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Algae is a diverse group of photosynthetic organisms that are primarily aquatic, ranging from unicellular microalgae to multicellular forms such as giant kelp. These organisms are eukaryotic, meaning they have a membrane-bound nucleus and organelles, and they contain chlorophyll and other pigments that enable them to convert sunlight into energy through photosynthesis. Algae play a crucial role in aquatic ecosystems as primary producers, forming the foundation of the food chain and contributing significantly to the global oxygen supply. They are found in a wide variety of habitats, including freshwater, marine, and even terrestrial environments, and exhibit a remarkable range of morphological and physiological adaptations. Some algal species, such as diatoms and dinoflagellates, have unique cell walls composed of silica or cellulose plates, while others, like red algae, possess specialized pigments that allow them to thrive in deep water environments. Algae also have significant economic and ecological importance, with applications in various industries such as food, pharmaceuticals, and biofuels, as well as their potential for bioremediation and carbon sequestration.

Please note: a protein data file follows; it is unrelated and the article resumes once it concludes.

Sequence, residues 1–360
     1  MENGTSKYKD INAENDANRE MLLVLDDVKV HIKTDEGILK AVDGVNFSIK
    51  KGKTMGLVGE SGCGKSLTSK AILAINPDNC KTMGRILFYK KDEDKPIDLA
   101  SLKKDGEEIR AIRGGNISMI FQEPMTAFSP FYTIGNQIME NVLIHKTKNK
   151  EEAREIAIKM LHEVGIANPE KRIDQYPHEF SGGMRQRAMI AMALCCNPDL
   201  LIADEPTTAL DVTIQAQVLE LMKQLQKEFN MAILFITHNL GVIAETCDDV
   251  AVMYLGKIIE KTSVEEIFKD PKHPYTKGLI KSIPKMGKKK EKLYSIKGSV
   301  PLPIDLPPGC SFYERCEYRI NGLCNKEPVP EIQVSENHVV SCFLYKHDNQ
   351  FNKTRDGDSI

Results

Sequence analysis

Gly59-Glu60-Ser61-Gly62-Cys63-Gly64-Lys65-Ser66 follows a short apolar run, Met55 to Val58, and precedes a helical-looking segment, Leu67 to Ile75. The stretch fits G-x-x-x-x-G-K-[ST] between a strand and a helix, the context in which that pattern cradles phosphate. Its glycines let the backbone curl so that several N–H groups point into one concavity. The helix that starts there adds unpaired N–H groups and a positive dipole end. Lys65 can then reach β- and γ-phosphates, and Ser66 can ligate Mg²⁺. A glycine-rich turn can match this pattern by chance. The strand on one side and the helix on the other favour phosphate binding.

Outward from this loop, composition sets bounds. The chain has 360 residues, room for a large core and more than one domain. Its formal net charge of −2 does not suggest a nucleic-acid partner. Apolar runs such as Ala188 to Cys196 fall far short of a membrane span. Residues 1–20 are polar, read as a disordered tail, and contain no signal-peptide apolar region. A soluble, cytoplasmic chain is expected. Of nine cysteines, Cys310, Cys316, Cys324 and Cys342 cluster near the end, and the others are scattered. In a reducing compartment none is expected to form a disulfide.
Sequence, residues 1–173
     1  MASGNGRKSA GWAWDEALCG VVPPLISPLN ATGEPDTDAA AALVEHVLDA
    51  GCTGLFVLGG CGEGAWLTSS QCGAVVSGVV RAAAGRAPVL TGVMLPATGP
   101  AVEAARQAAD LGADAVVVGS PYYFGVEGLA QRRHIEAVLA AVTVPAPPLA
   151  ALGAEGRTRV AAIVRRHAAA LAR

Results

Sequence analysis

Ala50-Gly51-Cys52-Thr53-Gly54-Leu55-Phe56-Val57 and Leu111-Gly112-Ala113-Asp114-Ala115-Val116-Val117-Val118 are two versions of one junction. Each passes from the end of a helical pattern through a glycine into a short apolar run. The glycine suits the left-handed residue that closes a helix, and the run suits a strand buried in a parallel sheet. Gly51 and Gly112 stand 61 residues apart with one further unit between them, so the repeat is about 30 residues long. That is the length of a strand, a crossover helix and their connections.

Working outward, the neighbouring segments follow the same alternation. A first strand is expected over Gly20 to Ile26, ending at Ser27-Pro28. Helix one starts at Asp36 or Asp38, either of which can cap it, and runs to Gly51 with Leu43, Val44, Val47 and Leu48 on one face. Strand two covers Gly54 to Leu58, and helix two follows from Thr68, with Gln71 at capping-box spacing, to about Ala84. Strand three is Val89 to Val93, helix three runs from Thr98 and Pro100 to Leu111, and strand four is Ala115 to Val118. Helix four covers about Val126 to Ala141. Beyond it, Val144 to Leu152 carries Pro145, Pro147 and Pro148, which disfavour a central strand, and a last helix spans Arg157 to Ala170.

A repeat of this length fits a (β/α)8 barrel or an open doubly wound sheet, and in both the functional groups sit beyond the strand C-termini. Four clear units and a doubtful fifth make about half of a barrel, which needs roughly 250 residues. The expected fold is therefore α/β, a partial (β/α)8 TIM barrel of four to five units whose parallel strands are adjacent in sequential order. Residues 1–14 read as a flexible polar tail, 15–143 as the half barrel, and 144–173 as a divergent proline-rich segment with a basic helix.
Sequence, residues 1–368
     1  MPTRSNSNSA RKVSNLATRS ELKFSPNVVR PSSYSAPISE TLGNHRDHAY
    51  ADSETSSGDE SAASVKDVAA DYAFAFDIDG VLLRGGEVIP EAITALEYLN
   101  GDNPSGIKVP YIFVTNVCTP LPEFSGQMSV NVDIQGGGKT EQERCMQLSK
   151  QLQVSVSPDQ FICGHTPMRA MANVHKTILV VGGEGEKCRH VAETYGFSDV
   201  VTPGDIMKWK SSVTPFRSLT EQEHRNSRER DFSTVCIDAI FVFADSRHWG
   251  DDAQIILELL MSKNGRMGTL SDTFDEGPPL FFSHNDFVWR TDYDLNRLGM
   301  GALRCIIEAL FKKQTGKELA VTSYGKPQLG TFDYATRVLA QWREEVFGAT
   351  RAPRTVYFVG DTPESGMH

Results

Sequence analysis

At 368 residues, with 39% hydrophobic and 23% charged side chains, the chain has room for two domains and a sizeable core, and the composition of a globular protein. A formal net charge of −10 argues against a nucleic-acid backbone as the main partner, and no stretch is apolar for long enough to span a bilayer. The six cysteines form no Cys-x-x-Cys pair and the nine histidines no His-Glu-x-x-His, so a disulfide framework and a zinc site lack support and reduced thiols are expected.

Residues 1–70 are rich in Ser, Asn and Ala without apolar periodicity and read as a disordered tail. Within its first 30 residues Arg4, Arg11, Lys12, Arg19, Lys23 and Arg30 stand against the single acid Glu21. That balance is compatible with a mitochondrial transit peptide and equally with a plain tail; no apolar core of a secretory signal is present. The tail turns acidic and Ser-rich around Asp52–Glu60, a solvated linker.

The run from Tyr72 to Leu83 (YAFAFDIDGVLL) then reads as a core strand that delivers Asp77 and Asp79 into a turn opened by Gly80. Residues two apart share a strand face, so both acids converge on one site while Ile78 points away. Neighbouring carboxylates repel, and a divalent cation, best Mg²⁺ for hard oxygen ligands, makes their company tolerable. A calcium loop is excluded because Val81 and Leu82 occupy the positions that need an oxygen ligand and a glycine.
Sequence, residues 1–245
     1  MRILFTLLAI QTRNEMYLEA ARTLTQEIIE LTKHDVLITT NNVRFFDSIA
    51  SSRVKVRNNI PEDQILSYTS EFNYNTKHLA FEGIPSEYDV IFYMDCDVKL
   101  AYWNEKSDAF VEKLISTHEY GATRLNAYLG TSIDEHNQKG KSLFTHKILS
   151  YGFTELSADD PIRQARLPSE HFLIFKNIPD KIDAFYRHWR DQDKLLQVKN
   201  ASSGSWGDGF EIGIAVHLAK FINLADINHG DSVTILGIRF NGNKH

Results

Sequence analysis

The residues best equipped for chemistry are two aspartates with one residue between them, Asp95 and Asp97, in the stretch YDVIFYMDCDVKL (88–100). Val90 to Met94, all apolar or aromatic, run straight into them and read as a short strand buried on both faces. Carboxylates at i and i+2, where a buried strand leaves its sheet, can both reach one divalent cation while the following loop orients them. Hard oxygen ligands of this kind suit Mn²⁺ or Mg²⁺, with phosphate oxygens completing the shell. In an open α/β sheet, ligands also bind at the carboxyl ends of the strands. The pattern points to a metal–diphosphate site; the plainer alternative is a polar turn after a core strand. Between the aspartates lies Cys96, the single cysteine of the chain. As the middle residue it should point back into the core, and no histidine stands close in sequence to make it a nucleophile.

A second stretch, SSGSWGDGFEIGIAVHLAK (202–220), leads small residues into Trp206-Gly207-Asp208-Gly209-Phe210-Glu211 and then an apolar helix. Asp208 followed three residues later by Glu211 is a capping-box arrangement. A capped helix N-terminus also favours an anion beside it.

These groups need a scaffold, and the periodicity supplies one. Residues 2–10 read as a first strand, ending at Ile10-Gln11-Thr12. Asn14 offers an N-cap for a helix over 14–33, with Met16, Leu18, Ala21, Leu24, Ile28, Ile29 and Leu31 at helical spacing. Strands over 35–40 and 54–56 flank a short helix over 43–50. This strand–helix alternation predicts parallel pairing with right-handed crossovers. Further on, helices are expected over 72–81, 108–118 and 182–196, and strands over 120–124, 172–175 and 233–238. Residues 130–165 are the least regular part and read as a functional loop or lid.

algal blooms, phytoplankton, seaweed, chlorophyll, photosynthesis, aquatic ecosystems

Robert Anderson

CITATION : "Robert Anderson. 'Algae.' Design+Encyclopedia. (Accessed on April 14, 2024)"

Algae Definition
Algae on Design+Encyclopedia

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